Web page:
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AP
Indian Prime Minister Narendra Modi waves at a public rally at the Bakshi Stadium in Srinagar, Indian-controlled Kashmir, on March 7.

Modi certainly thinks he will win. Earlier this month, he evencalled an all-hands meeting with his ministers to discuss the government's priorities in the 100 days after elections.

But his past two terms have been a mixed bag.

The Modi government splurged on infrastructure projects like roads and airports, distributed free food grains to hundreds of millions and initiated cash transfers to low-income groups. But his decision to take high-value currency out of circulation in 2016, and impose nationwide shutdowns during the COVID-19 pandemic between 2020-21 also undid the economy. As the country recovered, an Oxfam report found the rich got richer while the bottom half of the population owned only 3% of the country's wealth.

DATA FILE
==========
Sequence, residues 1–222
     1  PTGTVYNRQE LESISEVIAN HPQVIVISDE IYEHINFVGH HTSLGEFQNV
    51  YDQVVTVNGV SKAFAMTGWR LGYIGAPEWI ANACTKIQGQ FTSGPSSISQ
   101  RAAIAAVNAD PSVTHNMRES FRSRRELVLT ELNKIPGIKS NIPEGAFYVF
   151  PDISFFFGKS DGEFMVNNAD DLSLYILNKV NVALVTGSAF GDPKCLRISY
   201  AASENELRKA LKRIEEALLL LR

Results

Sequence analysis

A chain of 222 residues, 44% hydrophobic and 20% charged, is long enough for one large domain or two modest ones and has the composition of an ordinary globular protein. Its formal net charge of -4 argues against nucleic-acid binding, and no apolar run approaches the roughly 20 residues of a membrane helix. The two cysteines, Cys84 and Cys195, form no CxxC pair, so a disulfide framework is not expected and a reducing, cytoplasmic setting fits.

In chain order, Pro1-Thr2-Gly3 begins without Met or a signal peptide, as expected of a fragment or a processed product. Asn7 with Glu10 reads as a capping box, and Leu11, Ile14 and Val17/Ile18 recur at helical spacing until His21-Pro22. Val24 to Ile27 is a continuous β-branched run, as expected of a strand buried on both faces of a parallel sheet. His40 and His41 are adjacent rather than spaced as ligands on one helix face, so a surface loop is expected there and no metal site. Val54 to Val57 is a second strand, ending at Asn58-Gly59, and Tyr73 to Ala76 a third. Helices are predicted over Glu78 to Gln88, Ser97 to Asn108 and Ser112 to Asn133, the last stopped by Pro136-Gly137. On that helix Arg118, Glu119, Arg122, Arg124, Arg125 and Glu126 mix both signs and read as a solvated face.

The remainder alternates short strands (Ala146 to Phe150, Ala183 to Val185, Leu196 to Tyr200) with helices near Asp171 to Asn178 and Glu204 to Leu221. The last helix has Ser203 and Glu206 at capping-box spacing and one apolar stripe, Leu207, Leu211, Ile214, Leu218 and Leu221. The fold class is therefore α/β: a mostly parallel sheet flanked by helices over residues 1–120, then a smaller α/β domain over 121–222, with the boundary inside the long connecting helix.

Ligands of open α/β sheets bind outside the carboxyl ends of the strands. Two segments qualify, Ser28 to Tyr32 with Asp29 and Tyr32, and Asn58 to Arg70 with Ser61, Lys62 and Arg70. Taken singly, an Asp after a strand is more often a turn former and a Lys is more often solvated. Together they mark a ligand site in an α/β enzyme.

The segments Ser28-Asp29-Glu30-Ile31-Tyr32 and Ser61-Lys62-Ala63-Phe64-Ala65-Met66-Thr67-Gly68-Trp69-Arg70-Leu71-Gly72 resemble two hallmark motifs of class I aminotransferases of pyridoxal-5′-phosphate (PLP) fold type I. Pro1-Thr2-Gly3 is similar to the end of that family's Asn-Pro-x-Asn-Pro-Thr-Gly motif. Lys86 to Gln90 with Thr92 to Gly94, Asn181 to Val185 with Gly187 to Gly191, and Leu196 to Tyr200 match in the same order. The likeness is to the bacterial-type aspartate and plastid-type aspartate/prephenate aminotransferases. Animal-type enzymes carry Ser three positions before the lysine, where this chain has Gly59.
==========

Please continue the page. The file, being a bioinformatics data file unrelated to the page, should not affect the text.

In all these years, analysts say the BJP's strategic use of Hindu nationalism, and Modi's cult of personality, has helped them coast through the worst of crises.

The BJP is India's richest party, according to a recent report by the Association for Democratic Reforms, an independent election watchdog. And in the decade of Modi's rule, observers say, the party has also seen a growing number of dedicated cadres and increasingly pliant media, often due to fears of a government crackdown.

Across India, Modi's mugshot is everywhere — from daily advertisements in newspapers and TV channels on government schemes, to cardboard cutout images of him for citizens to use as selfie props. Several of his loyal ministers' handles on X, formerly Twitter, identify them as "Modi's family." The party also used India's G20 presidency to pitch Modi as "Vishwaguru" or "teacher of the world."

Meanwhile, India's opposition parties are struggling. A coalition formed last year of 40 opposition parties has fractured. The president of India's main opposition Congress party, Mallikarjun Kharge, is a veteran politician but lacks Modi's mass appeal. The opposition lacks a satisfactory answer for what many fence-sitters ask: "If not Modi, then who?"

Will the elections be free and fair?

Indian Prime Minister Narendra Modi waves to supporters from atop a vehicle during a road rally held by the Bharatiya Janata Party (BJP) in Bengaluru on May 6, 2023.
Manjunath Kiran / AFP via Getty Images
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AFP via Getty Images